“I don’t know what to do, Doc!”
That’s the first thing he told me as soon as he got in my office and closed the door. The scared look in his eyes, tired with missed sleep, told me what I had been fearing all week: James is really convinced that the explosion at the warehouse was somehow his fault, or that he is guilty of some of the acts (still largely unknown) which brought to said explosion. He had been crying, his foot was bumping on the floor while he was standing in front of my desk: he didn’t even want to sit down.
James: “I had to tell my parents, because they realized that something was horribly off with me and they were worried that I was having another hypomaniac attack. I didn’t expect that knowing that I was instead involved in the murder of several people would have calmed them down, and in fact it didn’t. At all. Now they’re frightened, too. I think I made a mistake: I should have just left them alone.”
Myself: “I think you had to be honest with them and share your troubles: I’m sure it made you feel better, and maybe they can help you.”
James: “How?! There’s nothing to do! I need to go to the police.”
I have no idea of how the police would take such a case, the only thing I can think of is how Detective Mason is handling Mrs. F’s disappearance: he sees murder even where we should just see a woman following her dream. What would he see in James? Probably someone who is so guilty, and scared of going to jail, that he has even invented the whole hypomania story, to pledge for mental infirmity.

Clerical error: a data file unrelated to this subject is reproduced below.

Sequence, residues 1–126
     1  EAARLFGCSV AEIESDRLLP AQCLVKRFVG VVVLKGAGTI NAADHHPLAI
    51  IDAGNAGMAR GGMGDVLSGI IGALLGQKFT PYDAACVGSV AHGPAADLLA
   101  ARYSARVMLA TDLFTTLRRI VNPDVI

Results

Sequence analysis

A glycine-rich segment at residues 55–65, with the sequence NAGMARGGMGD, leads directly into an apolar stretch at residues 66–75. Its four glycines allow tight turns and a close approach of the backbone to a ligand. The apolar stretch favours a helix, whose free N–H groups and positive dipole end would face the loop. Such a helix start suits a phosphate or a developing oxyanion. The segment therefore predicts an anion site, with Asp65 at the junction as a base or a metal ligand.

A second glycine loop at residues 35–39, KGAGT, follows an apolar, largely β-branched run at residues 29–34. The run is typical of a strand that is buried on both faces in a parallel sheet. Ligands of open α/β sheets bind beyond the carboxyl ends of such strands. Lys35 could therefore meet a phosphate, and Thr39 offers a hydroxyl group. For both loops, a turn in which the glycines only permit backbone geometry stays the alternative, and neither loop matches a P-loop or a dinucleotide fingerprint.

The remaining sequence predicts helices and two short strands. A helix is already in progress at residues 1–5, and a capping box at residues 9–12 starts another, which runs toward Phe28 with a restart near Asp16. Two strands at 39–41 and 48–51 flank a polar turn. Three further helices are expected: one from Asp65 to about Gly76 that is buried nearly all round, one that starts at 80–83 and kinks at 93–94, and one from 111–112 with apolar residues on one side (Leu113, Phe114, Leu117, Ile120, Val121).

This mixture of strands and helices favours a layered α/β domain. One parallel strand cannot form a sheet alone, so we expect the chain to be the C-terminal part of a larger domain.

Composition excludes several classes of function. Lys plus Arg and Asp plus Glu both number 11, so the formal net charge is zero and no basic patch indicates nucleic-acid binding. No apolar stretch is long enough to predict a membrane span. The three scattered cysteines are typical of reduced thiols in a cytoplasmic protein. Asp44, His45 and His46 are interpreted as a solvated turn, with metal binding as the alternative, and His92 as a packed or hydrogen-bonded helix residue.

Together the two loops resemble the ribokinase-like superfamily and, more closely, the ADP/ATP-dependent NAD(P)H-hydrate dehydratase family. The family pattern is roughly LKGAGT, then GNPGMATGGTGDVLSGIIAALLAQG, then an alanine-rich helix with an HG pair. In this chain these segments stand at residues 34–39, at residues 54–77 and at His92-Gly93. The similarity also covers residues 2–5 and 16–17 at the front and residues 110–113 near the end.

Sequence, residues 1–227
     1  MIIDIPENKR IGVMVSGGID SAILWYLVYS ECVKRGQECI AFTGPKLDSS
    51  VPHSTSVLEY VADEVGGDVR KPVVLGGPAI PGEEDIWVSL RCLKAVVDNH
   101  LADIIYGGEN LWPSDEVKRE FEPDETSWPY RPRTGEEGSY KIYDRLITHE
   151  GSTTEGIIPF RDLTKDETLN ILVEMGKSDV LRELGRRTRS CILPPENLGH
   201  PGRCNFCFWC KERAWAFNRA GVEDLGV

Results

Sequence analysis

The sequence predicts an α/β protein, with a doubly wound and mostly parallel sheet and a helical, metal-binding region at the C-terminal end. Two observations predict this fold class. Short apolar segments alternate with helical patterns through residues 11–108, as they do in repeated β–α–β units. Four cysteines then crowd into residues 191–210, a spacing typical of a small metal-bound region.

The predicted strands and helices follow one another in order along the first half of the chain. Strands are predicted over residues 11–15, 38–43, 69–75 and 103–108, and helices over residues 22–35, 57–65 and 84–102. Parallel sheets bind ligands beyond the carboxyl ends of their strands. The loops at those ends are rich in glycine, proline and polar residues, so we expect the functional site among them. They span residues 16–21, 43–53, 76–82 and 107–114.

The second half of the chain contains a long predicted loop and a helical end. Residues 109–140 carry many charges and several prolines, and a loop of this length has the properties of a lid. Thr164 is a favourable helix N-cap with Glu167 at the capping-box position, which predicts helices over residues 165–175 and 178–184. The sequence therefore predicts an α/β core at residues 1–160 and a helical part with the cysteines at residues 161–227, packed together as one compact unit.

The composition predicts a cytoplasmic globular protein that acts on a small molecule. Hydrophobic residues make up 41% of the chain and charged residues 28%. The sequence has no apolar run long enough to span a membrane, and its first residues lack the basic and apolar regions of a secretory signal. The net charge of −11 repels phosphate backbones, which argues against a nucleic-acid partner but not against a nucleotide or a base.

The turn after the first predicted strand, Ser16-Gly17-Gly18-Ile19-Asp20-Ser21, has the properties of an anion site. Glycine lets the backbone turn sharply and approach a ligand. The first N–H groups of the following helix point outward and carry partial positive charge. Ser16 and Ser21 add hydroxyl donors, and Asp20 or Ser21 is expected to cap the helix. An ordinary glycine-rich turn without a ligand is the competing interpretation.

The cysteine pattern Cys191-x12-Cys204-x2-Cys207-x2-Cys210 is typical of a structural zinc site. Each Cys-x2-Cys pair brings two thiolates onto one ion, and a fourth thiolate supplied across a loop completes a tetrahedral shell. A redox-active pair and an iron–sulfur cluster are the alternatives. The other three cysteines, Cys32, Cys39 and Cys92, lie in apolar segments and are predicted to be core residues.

Myself: “I don’t think you have to go to the police: you’ve done nothing wrong for now, as far as we know. That blurry picture taken at the warehouse could be of anybody: you’re blond and tall, a quarter of the population of this city can probably say the same about themselves.”
James: “You’re forgetting the green jacket: I’m sure much less than a quarter of the population has the same!”
Myself: “Are you sure it’s your jacket? And even if it were, there must be so many men with the same model, in a city with ten million people. No, I think we need to understand what really happened, first, then we can decide what we want to do.”
James: “Do you want to investigate yourself?”
Myself: “I’m not a detective, unfortunately, and I don’t know if my investigations could bring us anywhere. Instead, if your family has a lawyer, this would be the best person to call.”
James: “I would assume my parents have somebody, but I’ll have to ask them.”
There are so many uncertainties here. I think a lawyer, with hopefully good investigating abilities, can help us find some answers.
Waiting to see what the future holds,
Dr. Alexander Williams